The Washington Wizards are probably going to make the Eastern Conference playoffs.
That fact alone might not be enough for some NBA fans, but it is music to the ears of the long-suffering fans of the D.C. area who haven't seen postseason basketball since 2008.
Point guard John Wall is finally realizing the destiny proclaimed when the Wizards drafted him No. 1 overall in 2010 by making his first All-Star Game.
Washington's 100-90 win over the Portland Trail Blazers on Monday left the Wizards all alone in fifth place, four full games ahead of the Charlotte Bobcats and that last precious playoff spot. The East is so bad this year, it's difficult to see three teams jump ahead of Washington in the standings.
But Wall is not interested in simply making the postseason—he's looking ahead to bigger and better things for his Wizards.
According to The Washington Post's Michael Lee, Wall hasn't denied already talking to Oklahoma City Thunder superstar Kevin Durant about joining him and the Wizards in 2016: "Our main thing is focusing on team but you look at those things and see when opportunities can come to try to make your team better, and fit in."
Wall might as well start selling his fellow All-Stars on D.C., because the Wizards are approaching an impasse.
Though they will make the playoffs, the Wizards still aren't a very good team. Monday's win marked the first time since Oct. 31, 2009, that the Wizards had more wins than losses. Previously, the Wizards had been 0-10 in games that would have given them a winning record—a fact so bizarre that it led The Washington Post to wonder if Washington was suffering from a ".500 curse."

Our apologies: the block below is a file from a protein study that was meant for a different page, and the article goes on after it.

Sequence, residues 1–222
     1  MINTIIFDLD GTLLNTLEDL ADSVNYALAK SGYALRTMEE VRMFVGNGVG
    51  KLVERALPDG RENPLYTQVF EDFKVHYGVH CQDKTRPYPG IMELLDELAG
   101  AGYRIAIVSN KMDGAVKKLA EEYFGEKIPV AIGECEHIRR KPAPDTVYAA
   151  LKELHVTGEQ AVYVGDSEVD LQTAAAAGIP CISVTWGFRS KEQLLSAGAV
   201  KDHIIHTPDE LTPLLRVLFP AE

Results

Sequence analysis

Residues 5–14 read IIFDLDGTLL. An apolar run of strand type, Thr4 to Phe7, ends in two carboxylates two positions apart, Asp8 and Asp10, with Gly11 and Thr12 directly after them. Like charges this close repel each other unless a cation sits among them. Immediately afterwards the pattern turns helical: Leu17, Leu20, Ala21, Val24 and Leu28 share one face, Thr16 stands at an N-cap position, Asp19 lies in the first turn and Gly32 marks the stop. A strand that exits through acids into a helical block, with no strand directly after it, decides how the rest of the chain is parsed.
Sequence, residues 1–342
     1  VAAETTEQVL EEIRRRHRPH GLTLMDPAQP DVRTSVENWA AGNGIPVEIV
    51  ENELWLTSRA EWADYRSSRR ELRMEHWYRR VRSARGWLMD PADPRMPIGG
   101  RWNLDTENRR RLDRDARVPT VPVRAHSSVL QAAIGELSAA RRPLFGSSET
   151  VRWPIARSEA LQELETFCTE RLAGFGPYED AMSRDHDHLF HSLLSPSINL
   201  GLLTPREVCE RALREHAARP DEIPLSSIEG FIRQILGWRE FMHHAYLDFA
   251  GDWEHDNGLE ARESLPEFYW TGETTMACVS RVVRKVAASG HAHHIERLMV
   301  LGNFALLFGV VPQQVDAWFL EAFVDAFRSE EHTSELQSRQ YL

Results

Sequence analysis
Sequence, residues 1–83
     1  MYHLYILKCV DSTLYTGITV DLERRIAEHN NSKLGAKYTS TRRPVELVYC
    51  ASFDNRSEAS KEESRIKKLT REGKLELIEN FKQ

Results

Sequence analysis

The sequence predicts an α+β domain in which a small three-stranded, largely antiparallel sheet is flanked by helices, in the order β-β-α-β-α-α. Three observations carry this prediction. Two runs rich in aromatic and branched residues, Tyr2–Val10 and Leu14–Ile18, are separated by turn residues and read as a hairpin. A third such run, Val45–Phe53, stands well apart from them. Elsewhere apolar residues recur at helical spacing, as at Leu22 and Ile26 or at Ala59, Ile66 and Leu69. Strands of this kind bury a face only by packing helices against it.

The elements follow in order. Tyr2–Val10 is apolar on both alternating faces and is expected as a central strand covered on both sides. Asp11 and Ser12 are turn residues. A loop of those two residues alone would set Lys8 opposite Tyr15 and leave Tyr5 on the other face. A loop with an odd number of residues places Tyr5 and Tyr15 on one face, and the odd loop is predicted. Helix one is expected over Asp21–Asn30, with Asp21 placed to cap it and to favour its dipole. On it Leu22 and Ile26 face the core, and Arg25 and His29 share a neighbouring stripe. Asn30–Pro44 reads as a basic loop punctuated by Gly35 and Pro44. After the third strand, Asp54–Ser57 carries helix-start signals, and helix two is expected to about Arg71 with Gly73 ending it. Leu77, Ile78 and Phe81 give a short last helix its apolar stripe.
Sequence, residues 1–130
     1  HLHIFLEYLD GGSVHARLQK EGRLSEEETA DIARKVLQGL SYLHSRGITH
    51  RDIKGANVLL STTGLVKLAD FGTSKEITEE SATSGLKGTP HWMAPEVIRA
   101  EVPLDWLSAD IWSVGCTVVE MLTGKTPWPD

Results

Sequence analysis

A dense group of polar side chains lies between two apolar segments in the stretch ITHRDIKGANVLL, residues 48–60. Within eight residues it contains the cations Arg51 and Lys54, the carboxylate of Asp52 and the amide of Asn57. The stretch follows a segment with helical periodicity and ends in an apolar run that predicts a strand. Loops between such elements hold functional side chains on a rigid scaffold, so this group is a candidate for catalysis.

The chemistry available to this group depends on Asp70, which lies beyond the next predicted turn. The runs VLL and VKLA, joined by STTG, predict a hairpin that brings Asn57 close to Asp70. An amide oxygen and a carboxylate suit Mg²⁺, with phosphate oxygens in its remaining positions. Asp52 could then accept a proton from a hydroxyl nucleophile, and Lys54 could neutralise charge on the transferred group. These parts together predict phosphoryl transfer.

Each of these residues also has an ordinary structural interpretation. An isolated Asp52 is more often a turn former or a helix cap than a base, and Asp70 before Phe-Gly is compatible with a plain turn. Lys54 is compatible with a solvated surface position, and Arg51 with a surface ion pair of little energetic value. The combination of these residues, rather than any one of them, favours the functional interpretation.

So Washington has finally broken the .500 curse...now what? A winning record is nice, and making the playoffs is nice, but Washington is about to come up against the problem faced by all up-and-coming teams: how to take the next step.
The next step hasn't come easily to this franchise. The Wizards have won but a single playoff series since 1982. What does this current team need to do to rise above the heights of the Gilbert Arenas teams of the mid-2000s and the Juwan Howard-Chris Webber team of 1996-97?
The Need for Internal Improvement
The Wizards have drafted four times in the top six since their last playoff berth—a tribute to their horrible record over that span. One of those picks—Wall—has becomes a bona fide All-Star.
Unfortunately, that will not be good enough. And the Wizards are about to learn what it's like to try to improve without a yearly influx of high-end draft talent. They traded their 2014 first-rounder to the Phoenix Suns for center Marcin Gortat—the pick is lottery protected, but now that the Wizards are finally out of the lottery, they're going to lose that pick. And if all goes to plan, they won't see anymore lottery picks in the near future.
That means the young players already on the roster will have to step up their games.
Wall has turned himself into one of the best young point guards, but he still isn't an elite player on par with the likes of Chris Paul. To do that, he will need to put in even more work on his shaky jumper.
Wall has certainly improved his shooting this season, posting a career-high 32.5 percent three-point percentage. But that still only ranks him 77th out of 92 qualified guards, per Basketball-Reference. Wall has shown he can be an All-Star without a reliable long-range game, but it will be difficult for him to elevate his game to "elite" status with such a glaring hole.